The Historical Association’s Annual Conference is always a highlight of the year for our team, but this year’s event at the Bristol Royal Marriot Hotel was something really special. This year three members of our team were in attendance; Tour Consultant Emma was attending for her sixth time and was looking forward to catching up with clients and old friends, whilst for Marketing Manager Nicky Astle, this was her first venture into the HA’s two day event. Speaking to Nicky following the event, it was apparent that she had found the whole experience a real eye-opener.
“To see so many teachers and history enthusiasts together in one place was remarkable. Even more spectacular was being able to witness their shared vision – to keep the subject of history alive and relevant both in schools as well as in terms of the general public’s engagement with it. Couple this with the fact that we were surrounded by record delegate numbers, a fascinating menu of speaker sessions and a stunning central backdrop at the Bristol Royal Marriott Hotel, we knew very early on that this was an event that would be remembered for all the right reasons.”
Without a doubt, the highlight of the weekend for most was having the opportunity to meet with Betty Vine, one of the Enigma code breakers. For Emma and Nicky just hearing her relay the nature of her enrolment and her subsequent commitment to the Official Secrets Act was an honour indeed, but to then be rewarded with photos and signed copies of her book meant the storytelling would continue for some weeks hence!
“Our encounter with Betty was nothing short of inspiring,” said Nicky. “She is a truly amazing woman, and a great reminder to us all of the importance of sharing the details of such historical events and personal experiences. It makes our understanding so much greater in terms of the context of today. It is only through Betty’s continuing work in this area, ensuring her story is amplified to a much wider audience, that we can truly begin to understand the significance of such events and the effect it has had on us today.”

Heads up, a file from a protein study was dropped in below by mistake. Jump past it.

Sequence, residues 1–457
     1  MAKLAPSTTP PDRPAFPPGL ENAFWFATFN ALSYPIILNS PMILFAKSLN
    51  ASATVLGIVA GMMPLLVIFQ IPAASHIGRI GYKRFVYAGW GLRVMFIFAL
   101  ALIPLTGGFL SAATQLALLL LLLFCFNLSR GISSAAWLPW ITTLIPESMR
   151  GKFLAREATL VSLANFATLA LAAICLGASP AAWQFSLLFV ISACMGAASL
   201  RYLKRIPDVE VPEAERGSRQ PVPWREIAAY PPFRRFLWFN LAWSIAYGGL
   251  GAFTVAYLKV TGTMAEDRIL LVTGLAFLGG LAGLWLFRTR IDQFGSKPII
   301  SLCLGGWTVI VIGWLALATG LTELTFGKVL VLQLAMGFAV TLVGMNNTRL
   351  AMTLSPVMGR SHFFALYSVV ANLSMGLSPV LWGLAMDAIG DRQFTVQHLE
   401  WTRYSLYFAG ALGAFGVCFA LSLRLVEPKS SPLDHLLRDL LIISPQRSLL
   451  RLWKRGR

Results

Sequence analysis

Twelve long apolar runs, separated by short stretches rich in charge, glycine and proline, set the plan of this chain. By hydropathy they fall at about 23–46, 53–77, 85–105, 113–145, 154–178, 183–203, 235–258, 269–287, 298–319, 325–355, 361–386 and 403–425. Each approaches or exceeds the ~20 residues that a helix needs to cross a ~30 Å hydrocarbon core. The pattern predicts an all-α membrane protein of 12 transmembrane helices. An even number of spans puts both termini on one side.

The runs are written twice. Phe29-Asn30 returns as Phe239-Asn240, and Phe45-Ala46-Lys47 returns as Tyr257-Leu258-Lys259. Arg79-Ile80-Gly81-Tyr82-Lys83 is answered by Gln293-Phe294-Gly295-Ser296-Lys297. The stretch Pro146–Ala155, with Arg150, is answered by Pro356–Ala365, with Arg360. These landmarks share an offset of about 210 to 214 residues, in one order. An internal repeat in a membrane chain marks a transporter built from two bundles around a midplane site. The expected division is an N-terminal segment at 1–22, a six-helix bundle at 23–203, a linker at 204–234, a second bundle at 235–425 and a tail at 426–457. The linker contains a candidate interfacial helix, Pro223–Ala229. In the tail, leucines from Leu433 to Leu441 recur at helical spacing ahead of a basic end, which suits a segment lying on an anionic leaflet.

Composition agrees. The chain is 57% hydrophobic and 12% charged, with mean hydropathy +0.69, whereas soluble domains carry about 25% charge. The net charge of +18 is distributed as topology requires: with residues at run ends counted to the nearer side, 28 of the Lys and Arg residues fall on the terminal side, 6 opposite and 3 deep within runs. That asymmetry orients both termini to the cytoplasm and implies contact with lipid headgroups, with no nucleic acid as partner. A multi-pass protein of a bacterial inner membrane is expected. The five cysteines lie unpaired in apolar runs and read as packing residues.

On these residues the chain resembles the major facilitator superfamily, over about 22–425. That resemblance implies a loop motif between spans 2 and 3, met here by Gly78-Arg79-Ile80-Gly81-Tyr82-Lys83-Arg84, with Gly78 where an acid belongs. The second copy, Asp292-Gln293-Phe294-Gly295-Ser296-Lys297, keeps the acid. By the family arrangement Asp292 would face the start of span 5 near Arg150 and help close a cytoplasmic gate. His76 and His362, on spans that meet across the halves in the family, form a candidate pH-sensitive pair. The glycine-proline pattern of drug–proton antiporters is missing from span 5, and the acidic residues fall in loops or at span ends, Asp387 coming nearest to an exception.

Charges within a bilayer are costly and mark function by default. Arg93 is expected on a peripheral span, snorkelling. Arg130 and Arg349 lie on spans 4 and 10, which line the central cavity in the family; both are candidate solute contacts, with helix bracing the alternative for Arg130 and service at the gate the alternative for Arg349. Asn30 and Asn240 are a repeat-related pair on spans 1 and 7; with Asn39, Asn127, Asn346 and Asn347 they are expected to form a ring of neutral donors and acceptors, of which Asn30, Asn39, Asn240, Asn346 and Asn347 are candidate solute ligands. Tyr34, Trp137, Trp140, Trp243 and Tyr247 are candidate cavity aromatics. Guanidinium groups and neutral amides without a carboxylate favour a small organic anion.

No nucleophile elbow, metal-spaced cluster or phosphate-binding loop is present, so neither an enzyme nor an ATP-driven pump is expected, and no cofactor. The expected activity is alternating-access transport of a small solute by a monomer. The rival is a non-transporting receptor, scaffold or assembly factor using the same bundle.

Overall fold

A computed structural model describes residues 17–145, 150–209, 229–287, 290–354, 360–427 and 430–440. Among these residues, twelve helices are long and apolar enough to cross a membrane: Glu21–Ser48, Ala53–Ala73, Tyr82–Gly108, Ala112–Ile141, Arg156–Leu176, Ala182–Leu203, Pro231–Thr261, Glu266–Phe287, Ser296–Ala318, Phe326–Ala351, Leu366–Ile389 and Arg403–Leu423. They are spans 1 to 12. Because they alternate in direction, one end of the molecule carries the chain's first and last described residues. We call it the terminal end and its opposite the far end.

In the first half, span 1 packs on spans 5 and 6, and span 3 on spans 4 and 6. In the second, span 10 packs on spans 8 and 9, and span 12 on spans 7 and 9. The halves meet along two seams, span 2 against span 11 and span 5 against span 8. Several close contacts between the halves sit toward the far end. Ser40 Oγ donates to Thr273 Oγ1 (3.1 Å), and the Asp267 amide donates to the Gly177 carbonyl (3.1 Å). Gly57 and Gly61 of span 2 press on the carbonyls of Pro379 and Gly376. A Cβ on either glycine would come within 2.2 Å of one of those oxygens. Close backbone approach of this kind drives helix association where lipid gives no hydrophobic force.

Emma and Nicky attended the conference with Paula Kitching, Rayburn Tours’ History Tours Development Manager, who was also attending in her capacity as the HA’s media representative. As well as presenting her own general interest session on the history of MI5 and MI6, Paula was excited to talk to delegates at the Rayburn Tours stand about our new history tour guides. Together with Paula, Rayburn Tours has worked hard to recruit and train a team of historians and ex-service personnel to lead and enrich our tours, and Paula was bowled over by the positive feedback from the teachers she spoke to.
“Teachers really want this. Our guides have the knowledge of the subject and destination to confidently lead the tours, and this gives teachers the confidence to take their students out of the classroom.”
Paula was also really excited to talk to a teacher of partially sighted children who was previously unsure of how she could make a battlefields tour happen for her students. She was encouraged by Rayburn Tours’ commitment to tailoring every tour to each group’s specific needs, as well as our understanding of the additional challenges of touring with SEN classes. “We already work with SEN schools and are dedicated to working in partnership with their teachers to ensure that each tour meets the educational and social needs of the students. We believe that there should be no barriers to enriching a child’s education outside of the classroom, and environments such as this conference are invaluable when it comes to having these important conversations with teachers.”
As well as engaging with the teachers, historians and amateur enthusiasts at the conference, Emma and Nicky also seized the opportunity to attend some of the fascinating speaker sessions on offer. Emma was particularly inspired by Saturday’s keynote speech by Lucy Worsley about how to build an anniversary event, and how the public respond to such historical anniversary events.
“Anniversaries are important to Rayburn Tours as they significantly raise interest in particular events. It was fascinating to hear a historian’s perspective on the recent phenomenon of promoting anniversaries and I will take the key points from Lucy’s speech back to the office with me.”
All in all, it was a very successful event. There is no doubt that the Historical Association’s Annual Conference has grown massively over the last few years and next year’s conference in Harrogate is expected to be even bigger. We are certainly looking forward to being a part of it!